The bands were alive with signals again during lunchtime today.  But yet, I only worked two stations. My addiction got in the way. I worked Laci HA0NAR in Hungary, who I have worked many times before. I also worked LY10NATO, who asked me to spot him, as he was calling CQ without many takers.  Being in the car, away from the Internet, I didn't have that luxury.

My downfall came when I heard TX6G on 12 Meters. He was LOUD. 599+ loud at times.  I immediately thought, "Wow! THAT loud, here's my chance to work them QRP.".  Not today, Grasshopper, not today.

Undoubtedly, if I wasn't so hard headed, I could have worked at least three or four more stations in my limited time allotment.  However, my stubborn Polish side got the better of me, and I did a Don Quixote, and chased a windmill. 

The windmill won.

72 de Larry W2LJ
QRP - When you care to send the very least!

Monday, March 24, 2014

Two more pileups busted tonight.

Ten Meters was busy after I got home from work - plenty of signals.  I heard TX6G but they were kind of weak, so I decided to check 15 Meters.  They were louder there and their pileup wasn't quite as busy as on 10 Meters.  So, I started sending my call, with no luck. After a bit, I noticed their signal was starting to fade. Not wanting to lose them, I decided to go QRO and bumped up the power to 75 Watts. Bingo on the first call at higher power - TX6G is in the log for a new DXCC Entity. The group is there until April 1st, which is a week from tomorrow - so I will try throughout the week to try and get them via QRP. That's a tall order, but do-able if the pileups get smaller as the DXpedition draws to a close.

From there I went back to 10 Meters and listened more than anything.  I heard quite the few JAs and tried calling a few, but 5 Watts just wasn't cutting it.  Then, I heard a fierce pileup for VP2V/SP6CIK.  I managed to bust that pileup with 5 Watts.

I was amazed at the ferocity of that pileup.  While the British Virgin Islands are an easy hop from the US, I guess they are a rarer entity from Europe and Asia.  I heard quite the few JAs being answered as well as a lot of European stations. Whoever was behind the key was handling the pileup methodically and precisely. Very good pileup management and very good pileup discipline.  I only heard a few "UP"s from the Pileup Police.  All in all, it was a well behaved group.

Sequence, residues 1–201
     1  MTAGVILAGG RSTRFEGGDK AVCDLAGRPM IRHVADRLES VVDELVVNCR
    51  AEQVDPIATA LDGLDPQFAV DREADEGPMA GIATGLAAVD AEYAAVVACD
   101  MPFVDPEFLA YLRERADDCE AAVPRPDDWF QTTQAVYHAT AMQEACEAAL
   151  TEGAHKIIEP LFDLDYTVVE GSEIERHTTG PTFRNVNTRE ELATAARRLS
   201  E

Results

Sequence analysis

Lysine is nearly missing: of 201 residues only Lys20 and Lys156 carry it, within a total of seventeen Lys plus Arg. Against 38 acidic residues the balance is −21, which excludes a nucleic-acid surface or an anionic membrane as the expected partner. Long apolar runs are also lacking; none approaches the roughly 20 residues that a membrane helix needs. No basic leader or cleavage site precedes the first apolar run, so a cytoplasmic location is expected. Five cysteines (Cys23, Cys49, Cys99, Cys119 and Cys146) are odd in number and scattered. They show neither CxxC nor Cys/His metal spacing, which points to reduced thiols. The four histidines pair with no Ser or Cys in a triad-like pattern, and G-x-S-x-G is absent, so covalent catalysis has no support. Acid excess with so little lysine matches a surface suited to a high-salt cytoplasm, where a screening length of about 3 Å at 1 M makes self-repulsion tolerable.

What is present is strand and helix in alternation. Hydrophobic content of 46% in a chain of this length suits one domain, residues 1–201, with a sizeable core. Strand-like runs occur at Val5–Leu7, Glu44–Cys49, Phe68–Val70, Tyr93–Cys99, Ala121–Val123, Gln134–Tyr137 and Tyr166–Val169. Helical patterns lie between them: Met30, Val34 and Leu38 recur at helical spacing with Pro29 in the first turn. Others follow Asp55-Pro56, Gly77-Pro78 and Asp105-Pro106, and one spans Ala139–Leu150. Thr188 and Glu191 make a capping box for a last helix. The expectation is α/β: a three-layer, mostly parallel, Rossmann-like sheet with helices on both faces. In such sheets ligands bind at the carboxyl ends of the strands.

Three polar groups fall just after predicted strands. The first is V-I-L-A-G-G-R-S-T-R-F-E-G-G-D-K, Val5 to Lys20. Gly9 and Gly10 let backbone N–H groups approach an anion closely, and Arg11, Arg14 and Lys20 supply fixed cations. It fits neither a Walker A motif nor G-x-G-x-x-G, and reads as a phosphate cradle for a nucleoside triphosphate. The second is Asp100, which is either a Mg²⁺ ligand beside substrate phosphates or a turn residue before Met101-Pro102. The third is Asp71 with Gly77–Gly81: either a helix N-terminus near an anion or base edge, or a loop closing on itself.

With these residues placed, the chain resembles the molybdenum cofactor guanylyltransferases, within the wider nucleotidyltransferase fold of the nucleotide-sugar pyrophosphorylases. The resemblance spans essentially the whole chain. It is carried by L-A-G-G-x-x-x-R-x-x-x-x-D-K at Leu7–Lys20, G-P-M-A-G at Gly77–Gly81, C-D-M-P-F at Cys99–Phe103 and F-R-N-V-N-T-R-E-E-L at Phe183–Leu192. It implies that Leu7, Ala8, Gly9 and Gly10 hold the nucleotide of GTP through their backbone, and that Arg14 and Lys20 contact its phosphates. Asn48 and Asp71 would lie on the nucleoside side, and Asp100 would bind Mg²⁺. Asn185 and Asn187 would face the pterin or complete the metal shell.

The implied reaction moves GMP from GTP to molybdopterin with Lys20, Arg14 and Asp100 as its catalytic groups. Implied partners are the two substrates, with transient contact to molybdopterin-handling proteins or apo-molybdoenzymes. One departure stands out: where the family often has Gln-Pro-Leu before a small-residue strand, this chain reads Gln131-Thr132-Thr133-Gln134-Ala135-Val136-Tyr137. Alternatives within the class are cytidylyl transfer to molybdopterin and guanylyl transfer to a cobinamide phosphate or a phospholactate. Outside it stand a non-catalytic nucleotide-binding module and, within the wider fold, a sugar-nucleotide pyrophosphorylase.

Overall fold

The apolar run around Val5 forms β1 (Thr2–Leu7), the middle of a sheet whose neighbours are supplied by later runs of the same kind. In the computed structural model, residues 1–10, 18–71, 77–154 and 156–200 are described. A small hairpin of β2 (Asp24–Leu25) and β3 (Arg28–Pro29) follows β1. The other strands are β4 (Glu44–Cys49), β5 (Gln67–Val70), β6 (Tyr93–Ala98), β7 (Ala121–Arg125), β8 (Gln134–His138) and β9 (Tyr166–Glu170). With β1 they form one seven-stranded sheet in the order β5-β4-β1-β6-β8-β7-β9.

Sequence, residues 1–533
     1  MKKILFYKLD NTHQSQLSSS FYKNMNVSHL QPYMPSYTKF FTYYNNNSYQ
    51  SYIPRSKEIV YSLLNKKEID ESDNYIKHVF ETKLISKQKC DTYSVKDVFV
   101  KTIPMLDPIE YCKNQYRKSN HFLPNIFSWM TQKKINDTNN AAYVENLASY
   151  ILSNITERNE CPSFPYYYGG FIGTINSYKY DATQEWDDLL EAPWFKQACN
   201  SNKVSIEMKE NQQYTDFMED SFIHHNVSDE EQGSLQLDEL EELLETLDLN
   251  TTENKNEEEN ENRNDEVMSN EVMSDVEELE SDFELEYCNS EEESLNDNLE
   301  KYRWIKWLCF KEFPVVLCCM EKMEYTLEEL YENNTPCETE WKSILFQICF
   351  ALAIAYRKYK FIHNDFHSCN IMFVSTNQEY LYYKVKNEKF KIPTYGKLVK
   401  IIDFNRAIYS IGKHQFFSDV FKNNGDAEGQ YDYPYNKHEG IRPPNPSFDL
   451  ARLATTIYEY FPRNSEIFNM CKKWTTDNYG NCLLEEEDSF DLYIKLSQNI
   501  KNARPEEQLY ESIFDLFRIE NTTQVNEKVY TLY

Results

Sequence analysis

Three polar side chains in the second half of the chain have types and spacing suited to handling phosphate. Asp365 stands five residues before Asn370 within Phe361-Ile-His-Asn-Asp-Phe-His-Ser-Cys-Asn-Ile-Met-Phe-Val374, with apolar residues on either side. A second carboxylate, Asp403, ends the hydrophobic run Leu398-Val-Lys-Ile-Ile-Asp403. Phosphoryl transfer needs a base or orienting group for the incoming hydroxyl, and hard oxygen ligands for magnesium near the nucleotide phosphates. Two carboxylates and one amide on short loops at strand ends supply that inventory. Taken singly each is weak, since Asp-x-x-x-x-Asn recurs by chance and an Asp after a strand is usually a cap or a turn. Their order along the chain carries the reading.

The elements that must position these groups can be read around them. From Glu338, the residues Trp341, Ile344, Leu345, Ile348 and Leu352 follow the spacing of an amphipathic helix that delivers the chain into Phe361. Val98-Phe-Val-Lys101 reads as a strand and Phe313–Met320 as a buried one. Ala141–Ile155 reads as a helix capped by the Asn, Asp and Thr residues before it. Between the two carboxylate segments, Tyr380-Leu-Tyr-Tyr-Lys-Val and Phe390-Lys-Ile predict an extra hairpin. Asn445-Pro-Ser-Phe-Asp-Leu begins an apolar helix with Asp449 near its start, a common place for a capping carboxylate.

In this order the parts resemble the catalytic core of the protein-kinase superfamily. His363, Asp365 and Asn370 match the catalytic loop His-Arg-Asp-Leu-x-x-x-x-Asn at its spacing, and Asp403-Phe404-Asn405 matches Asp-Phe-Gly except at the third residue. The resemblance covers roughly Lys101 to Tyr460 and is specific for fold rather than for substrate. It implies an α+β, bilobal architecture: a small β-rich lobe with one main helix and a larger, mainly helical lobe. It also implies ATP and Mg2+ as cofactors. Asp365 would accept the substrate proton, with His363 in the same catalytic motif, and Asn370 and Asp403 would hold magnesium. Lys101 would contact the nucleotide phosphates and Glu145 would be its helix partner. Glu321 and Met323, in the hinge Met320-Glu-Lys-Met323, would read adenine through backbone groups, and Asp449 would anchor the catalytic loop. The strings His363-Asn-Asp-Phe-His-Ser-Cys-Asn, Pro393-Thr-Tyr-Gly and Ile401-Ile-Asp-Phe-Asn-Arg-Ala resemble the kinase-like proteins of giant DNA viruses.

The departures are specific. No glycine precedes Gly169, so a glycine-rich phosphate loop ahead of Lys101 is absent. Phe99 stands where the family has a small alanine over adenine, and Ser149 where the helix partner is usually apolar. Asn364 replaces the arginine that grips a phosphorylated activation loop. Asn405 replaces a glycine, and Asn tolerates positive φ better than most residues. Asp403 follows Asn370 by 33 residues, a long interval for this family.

I didn't go out to the car at lunchtime today, as winter has returned for a brief visit. It was 27F (-3C) and I just wasn't in the mood to freeze.  Tomorrow we're supposed to get anywhere from a dusting to 3 inches (7.5 cm) of snow.  BUT, by Friday and Saturday, it's supposed to be back up near 60F (16C). That's the only good thing about late March snows in New Jersey - they tend to disappear fast.

I guess the old Mark Twain quote about the weather in New England holds true for New Jersey, too. If you don't like the weather in New Jersey, just wait a few hours. It will change - especially this time of year.

72 de Larry W2LJ
QRP - When you care to send the very least!

Sunday, March 23, 2014

Disappointment and then .... jubilation!

Amateur Radio is lot like other areas in life. There highs and there are lows - there are valleys and there are peaks.  Often, the journey from one extreme to the other takes places within minutes of each other.

This evening, I was tooling around 10 Meters late. It was after 7:00 PM local time. The sun was already down, but sometimes - just sometimes, this is when the good ones can be heard.  Twiddling the dial, I heard a very weak BY5WJ. China!  So I turned up the power, as I've never worked China and started tapping out my call,  Woo hoo!  Success!  "W2LJ UR 579 TNX LARRY DE JOSH".

Josh? In China?  Me, 579? Can't be! Then I realized it was 6Y5WJ - not BY5WJ. It was Josh in Jamaica, and we have worked a few times before.  Obviously, being in his log, my info popped up and that's why he answered me by name. After a few minutes, the band changed, and he became "normally loud" for what I would have expected a Jamaican station to sound like in New Jersey. So in a few seconds, I raced around the globe from the exotic Far East to the warm shores of the Caribbean.  A bit of a disappointment, to say the least (no offense, Josh!).